Osa Peninsula: Land of Gold
The Osa Peninsula is where there is the greatest abundance of gold in the country. What are the consequences of this fact?
The Osa Peninsula is one of the richest gold areas in Costa Rica. In fact, from pre-Columbian times to the present day, people have exploited this mineral.
In fact, the indigenous peoples used the rivers with auriferous waters to produce gold pieces, some of which are on display in the Pre-Columbian Gold Museum of the Central Bank.
Gold mining continued for many years afterwards. Between 1981 and 1989, 146,000 troy ounces of gold, or 4,526 kg of gold, were extracted from Corcovado Park.
Later, in 2013, there was talk of an invasion of some 250 people illegally extracting gold, to which was added an unknown number of people doing this activity outside of the park.
In fact, the Osa Peninsula is not the only place in Costa Rica where there is gold on its lands.
In Crucitas, San Carlos, the Aguacate mountains and in the mines of Las Juntas de Abangares there is also the presence of this mineral. However, the Osa Peninsula is different in one aspect: gold is in the palm of your hand.
In fact, in Corcovado, gold is obtained in nuggets, which end up at the bottom of the rivers. To extract them, all you need is a pan and a lot of patience.
In places like Crucitas, the gold is found in the rock and to extract it, it is necessary to mine it, a heavier task.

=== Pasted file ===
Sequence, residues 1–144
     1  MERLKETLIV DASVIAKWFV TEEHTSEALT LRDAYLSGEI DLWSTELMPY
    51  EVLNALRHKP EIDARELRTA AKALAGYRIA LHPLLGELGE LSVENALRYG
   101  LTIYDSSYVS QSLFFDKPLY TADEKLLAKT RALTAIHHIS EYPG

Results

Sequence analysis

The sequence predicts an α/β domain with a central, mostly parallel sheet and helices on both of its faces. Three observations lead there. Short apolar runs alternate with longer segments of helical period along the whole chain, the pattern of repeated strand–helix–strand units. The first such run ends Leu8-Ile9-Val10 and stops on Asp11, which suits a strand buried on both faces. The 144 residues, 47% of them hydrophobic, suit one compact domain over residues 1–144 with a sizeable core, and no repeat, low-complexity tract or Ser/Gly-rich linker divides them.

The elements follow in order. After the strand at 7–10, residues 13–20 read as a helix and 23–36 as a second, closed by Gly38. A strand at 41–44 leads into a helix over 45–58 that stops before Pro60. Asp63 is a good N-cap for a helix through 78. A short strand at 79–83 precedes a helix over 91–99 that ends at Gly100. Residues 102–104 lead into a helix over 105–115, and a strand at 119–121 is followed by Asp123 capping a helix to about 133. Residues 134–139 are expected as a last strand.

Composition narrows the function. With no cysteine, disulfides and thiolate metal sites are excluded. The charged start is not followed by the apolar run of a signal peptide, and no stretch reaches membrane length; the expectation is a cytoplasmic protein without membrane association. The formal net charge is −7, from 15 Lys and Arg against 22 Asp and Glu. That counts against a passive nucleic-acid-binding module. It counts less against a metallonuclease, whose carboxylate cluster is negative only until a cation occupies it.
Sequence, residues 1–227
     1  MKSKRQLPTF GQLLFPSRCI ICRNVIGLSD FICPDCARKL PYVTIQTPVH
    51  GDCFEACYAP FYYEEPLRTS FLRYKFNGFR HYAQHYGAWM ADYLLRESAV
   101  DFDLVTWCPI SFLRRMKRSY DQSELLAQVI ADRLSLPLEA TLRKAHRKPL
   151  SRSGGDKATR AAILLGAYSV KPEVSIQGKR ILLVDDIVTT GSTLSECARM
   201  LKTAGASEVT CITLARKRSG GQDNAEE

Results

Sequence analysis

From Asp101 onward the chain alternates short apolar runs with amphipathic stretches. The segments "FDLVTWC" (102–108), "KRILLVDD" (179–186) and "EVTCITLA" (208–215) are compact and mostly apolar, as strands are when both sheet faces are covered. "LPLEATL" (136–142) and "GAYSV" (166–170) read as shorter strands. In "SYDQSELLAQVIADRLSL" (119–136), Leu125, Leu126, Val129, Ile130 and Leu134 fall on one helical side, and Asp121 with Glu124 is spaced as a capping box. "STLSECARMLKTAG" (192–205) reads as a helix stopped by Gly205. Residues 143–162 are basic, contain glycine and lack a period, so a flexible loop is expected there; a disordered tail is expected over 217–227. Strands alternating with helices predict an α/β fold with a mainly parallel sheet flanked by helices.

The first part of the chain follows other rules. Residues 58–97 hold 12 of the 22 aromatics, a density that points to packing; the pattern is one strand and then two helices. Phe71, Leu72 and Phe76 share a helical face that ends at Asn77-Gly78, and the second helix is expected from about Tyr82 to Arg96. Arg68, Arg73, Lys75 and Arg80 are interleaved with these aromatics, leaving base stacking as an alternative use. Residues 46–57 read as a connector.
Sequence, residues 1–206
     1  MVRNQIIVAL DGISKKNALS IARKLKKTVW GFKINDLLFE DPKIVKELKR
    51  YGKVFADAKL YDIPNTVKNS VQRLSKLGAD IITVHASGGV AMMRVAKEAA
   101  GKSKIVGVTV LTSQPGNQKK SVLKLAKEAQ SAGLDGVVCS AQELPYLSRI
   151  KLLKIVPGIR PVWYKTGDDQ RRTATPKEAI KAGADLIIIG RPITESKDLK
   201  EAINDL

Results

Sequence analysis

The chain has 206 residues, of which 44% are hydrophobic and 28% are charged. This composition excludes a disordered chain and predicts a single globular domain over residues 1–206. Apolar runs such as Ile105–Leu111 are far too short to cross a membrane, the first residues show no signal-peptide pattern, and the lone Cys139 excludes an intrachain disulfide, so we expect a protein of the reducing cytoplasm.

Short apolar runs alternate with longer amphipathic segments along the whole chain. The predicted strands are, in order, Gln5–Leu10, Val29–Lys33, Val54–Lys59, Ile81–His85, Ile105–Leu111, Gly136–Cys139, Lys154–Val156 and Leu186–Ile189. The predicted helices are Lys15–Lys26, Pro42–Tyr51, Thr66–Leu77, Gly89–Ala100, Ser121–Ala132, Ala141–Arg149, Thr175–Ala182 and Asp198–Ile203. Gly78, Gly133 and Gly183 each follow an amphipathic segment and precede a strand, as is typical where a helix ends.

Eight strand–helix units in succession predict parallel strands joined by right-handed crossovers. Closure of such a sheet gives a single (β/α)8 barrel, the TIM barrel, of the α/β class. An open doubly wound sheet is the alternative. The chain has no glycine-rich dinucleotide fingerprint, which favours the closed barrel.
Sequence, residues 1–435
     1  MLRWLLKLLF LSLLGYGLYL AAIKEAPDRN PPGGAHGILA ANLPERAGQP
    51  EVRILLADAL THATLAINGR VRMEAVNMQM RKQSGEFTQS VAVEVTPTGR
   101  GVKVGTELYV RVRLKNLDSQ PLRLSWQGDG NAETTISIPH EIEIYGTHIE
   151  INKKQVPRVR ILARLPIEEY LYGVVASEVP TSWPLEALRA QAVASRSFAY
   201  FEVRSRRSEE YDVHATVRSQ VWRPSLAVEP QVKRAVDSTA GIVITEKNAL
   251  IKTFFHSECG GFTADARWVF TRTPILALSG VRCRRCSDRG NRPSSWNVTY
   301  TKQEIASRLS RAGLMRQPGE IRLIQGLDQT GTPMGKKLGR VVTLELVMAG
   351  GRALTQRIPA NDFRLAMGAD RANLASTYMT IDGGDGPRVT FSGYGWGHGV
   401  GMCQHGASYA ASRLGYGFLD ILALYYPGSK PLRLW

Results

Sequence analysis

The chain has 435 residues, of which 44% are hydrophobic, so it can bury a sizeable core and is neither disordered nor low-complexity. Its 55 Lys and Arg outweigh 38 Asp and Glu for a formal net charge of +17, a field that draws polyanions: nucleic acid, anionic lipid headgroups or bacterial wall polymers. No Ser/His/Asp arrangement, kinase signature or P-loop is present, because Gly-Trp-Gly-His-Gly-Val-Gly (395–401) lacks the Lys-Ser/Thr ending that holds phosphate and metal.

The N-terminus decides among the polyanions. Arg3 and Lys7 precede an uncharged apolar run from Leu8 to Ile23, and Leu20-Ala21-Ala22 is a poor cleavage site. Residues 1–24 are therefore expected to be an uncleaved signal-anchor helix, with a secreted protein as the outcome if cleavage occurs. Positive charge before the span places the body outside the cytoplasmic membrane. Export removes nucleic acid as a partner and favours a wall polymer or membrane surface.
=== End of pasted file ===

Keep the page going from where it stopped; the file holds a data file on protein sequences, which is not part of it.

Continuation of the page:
For this reason, there is so much extraction in the Osa Peninsula: since pre-Columbian times, 20 tons of gold have been extracted.
In a 2013 article in La Nación newspaper, it was stated that Corcovado Park’s biodiversity and ecosystems were threatened by environmental damage and contamination caused by the gold miners.
Let’s keep in mind that what can be extracted manually are only nuggets of a few grams in weight, so the gold diggers can spend hours until they get lucky.
Carmen González’s study analyzed gold mining in the Osa Peninsula from two perspectives: the impact of mining on natural systems and the impact on the gold mining group and their families.
The author argues that gold mining takes place in a humid environment, in a very fragile and high-risk morphodynamic environment. She mentions that the extractors are out in the open, surrounded by various dangers: flooding, stalking by wild animals and crime.
On top of that, gold mining at this site involves destroying elements of the ecosystem such as vegetation, soil and waste material. Mining involves two types of costs:
- the cost of area destroyed in terms of the economic value of the land
- the cost of the time it takes nature to reproduce a unit of space.
In 2023, the Ministry of Environment and Energy (MINAE) presented the National Action Plan for artisanal gold mining in Costa Rica to organize and reorient the mining activity, especially in the region of Abangares, Guanacaste.
What do you think about this?